All writers benefit from the outside perspective of a skilled editor. That is why the College of Arts and Sciences and the Department of English house the OSU Writing Center. It serves OSU and the surrounding community, helping communicators understand and practice strategies used by effective writers, including brainstorming, drafting and editing techniques. In this episode, the director of the Writing Center, Dr. Anna Sicari, discusses her new role as co-editor of The Writing Center Journal, how research in this field benefits all writers, and why even those working in science, technology, engineering and mathematics should take advantage of these services.

We all have that crazy relative who believes outrageous conspiracy theories or a lot of so-called facts that aren’t supported by the evidence. This person seems to live in an entirely different universe than those of us who are sane, right? The truth is, we are all misinformed to some degree, says Dr. Matthew Motta, a political science professor who studies misinformation. We talk about why people are motivated to find information that supports their beliefs instead of the truth, and how we can have the most success reaching those who have refused to listen to others. He also shares other helpful tips such as, “If you want to know something about the curvature of the Earth, ask a flat-earther,” and why it is important to realize how much you don’t know.

Every semester, one CAS student is selected for the prestigious Orange Gown. Alannah Templon, a double major in Biology: Allied Health and Sociolgy: Anthropology, was selected to represent the class of Spring 2021. Templon reflects on her research, involvement on-campus, plans for after graduation, and some of her favorite memories at OSU. 

Peter Exline, “the philosopher king of Hollywood,” is a 1969 OSU Department of Philosophy grad. His life and career have overlapped with the likes of Michael Douglas and the famous Coen Brothers. In fact, he served as an inspiration for multiple characters in the film The Big Lebowski. He joins us to talk about his fascinating career, how he went from Stillwater to Hollywood, and what's on everyone's mind: “What's with that rug?”

Also, as a warning, this episode includes just a few words that would categorize it as PG-13.

The Center for Africana Studies is a resource housed in the College of Arts and Sciences but available for all Oklahoma State University students, faculty and staff to gain knowledge about Africa and its Diaspora. That obviously covers a lot, so the center’s new director, Dr. Erica Townsend-Bell from the Department of Political Science, has a big job. We talk about that, race-related issues in America and globally, and why the terms used on the Census form are more important than you might think.

Dr. Toby Nelson, an associate professor in the Department of Chemistry, was inspired by his hometown hero – Ronald McNair, the second Black astronaut. Dr. Nelson talks about that and how he is working with RPX Technologies, a Stillwater-based company founded by OSU alumni, to save lives with a product called DRACO. And he explains his view that chemistry is awesome, with highlights from his other research areas, which are based on melanin. You will learn that it can do a whole lot more than you think.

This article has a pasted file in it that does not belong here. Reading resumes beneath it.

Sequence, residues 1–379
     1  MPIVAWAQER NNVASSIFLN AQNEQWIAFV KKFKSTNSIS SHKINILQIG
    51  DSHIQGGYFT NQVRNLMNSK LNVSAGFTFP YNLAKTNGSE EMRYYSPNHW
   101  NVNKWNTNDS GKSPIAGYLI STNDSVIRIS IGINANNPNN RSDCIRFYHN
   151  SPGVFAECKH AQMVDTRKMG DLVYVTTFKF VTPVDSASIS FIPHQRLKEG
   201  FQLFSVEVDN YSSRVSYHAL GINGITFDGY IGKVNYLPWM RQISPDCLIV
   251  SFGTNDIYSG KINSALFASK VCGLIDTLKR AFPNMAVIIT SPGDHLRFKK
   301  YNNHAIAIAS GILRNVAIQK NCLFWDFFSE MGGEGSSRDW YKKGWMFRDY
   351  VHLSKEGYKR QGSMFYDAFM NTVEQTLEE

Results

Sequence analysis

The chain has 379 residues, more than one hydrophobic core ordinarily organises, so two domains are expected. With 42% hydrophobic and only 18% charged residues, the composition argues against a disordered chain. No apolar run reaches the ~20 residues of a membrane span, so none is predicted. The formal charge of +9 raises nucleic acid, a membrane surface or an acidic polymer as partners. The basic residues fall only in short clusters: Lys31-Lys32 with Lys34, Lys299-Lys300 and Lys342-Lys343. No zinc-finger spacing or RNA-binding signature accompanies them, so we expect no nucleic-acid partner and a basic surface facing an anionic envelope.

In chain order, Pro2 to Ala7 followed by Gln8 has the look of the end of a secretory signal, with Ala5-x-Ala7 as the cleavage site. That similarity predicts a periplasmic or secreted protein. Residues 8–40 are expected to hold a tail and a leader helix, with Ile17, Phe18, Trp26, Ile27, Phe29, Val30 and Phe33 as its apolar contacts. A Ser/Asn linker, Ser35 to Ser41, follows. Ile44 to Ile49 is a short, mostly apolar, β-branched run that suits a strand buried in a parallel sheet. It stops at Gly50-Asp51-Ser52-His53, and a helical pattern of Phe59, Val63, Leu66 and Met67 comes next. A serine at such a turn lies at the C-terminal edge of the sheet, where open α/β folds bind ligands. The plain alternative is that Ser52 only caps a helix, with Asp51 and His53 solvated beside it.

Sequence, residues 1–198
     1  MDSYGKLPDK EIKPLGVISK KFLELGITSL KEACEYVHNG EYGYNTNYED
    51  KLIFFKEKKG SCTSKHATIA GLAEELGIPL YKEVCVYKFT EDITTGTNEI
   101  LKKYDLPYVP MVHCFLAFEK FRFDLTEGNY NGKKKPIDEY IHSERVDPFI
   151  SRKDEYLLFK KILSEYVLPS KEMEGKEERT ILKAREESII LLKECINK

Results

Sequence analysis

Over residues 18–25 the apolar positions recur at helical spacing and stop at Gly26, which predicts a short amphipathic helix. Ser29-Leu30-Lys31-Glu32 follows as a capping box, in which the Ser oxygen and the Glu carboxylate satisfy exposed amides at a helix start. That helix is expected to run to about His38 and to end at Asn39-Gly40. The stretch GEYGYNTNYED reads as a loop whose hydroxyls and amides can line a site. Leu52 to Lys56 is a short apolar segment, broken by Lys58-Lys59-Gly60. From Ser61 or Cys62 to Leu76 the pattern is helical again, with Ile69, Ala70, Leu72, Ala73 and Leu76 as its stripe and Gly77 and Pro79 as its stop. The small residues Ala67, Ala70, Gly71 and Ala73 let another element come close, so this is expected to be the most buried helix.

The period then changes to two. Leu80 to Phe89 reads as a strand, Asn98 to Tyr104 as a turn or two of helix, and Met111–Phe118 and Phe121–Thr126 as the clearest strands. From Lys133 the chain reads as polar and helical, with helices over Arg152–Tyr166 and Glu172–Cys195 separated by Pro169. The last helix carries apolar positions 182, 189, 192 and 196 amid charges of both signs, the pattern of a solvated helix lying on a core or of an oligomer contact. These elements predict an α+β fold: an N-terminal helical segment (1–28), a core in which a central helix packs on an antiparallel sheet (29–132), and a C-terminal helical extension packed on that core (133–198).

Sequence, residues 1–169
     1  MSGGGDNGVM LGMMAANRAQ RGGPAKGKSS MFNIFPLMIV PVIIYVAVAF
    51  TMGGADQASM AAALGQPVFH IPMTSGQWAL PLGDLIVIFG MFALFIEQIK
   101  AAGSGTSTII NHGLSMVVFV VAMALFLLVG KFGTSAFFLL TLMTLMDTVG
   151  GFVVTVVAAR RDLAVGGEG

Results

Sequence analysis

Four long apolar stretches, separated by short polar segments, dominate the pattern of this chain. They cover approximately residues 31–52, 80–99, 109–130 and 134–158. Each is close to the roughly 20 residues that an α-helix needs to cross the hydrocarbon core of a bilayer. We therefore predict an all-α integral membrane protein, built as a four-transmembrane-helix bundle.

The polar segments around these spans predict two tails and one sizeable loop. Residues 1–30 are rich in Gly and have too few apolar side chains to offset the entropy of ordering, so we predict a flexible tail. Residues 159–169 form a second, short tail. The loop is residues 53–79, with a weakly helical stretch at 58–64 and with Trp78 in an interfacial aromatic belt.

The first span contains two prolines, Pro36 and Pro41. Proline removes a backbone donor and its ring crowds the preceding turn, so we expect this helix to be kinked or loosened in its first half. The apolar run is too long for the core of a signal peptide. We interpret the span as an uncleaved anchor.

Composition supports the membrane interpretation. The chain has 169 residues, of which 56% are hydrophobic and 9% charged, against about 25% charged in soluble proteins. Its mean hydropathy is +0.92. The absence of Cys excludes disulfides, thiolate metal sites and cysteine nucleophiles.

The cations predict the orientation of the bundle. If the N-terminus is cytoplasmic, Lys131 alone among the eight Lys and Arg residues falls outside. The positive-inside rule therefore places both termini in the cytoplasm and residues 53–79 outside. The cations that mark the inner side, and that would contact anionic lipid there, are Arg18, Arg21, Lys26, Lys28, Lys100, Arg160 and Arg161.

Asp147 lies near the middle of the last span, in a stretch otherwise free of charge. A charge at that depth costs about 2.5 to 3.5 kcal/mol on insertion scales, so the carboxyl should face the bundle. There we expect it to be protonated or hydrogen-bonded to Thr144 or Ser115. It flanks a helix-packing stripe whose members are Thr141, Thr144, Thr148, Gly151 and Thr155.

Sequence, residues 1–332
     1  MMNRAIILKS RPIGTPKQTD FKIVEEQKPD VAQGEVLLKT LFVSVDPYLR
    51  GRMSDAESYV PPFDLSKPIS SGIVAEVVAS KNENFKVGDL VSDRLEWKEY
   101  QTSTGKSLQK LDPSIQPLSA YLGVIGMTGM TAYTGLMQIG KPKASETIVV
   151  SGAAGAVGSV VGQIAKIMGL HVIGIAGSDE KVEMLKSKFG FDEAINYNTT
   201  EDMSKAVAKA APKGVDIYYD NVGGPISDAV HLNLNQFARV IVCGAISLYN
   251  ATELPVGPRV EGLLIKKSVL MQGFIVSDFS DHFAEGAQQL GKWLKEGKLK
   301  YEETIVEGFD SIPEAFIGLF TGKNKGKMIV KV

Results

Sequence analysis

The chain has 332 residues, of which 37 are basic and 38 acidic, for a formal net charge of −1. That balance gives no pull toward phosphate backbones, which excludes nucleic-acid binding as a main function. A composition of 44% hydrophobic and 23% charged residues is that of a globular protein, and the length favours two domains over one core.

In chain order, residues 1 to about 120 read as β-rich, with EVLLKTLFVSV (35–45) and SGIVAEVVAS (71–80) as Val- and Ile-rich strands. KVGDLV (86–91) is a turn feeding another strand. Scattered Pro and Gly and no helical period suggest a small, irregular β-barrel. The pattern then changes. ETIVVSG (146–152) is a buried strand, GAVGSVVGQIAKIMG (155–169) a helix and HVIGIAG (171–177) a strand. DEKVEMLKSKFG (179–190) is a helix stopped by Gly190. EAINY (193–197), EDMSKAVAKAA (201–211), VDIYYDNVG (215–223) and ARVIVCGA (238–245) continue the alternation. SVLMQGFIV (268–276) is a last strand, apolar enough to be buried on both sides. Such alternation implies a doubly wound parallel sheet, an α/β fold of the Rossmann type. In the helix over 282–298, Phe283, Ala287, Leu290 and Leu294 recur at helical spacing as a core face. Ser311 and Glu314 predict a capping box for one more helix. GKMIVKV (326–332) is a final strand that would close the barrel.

Lori Allen Walke earned a 2005 political science degree and a 2006 master’s in health care administration at OSU, where she was a Cowgirl basketball player and Miss OSU. She went on to earn a law degree and passed the Oklahoma Bar exam, but changed her career path and completed a Master of Divinity. After becoming an ordained minister, she added a Doctor of Ministry. Today she is the Senior Pastor at Mayflower Congregational Church in Oklahoma City. We talk about lessons she learned at OSU, what it’s like being married to a politician, and how the couple advocates for what they believe in. She also tells the story of how the final seconds of her basketball career became one of the best feel-good moments in the history of Gallagher-Iba Arena.

Hannah Ratigan was the type of student who walked around campus when she had free time – which was rare. So the way her undergraduate experience finished, with COVID-19 restrictions, was especially disappointing for her. As the Orange Gown Recipient for the College of Arts and Sciences, she did enjoy leading her peers in the School of Media and Strategic Communications to their smaller ceremony. We talk about what strategic communication is, her philanthropic work and how a fateful trip to Chipotle changed her life.

Jason Collington is a Stillwater native who grew up reading the Tulsa World. After his 1998 graduation from OSU in what is now the School of Media and Strategic Communications, he worked for the Associated Press before being hired by the World. He spent the next 21 years climbing the company’s ladder, reaching the top to became the publication’s new editor on Oct. 1, 2020. About 60 days later, we talked about the future of journalism, his goals for the Tulsa World, and his advice for up and coming communicators. He also explained why he tells everyone they should be a quitter.

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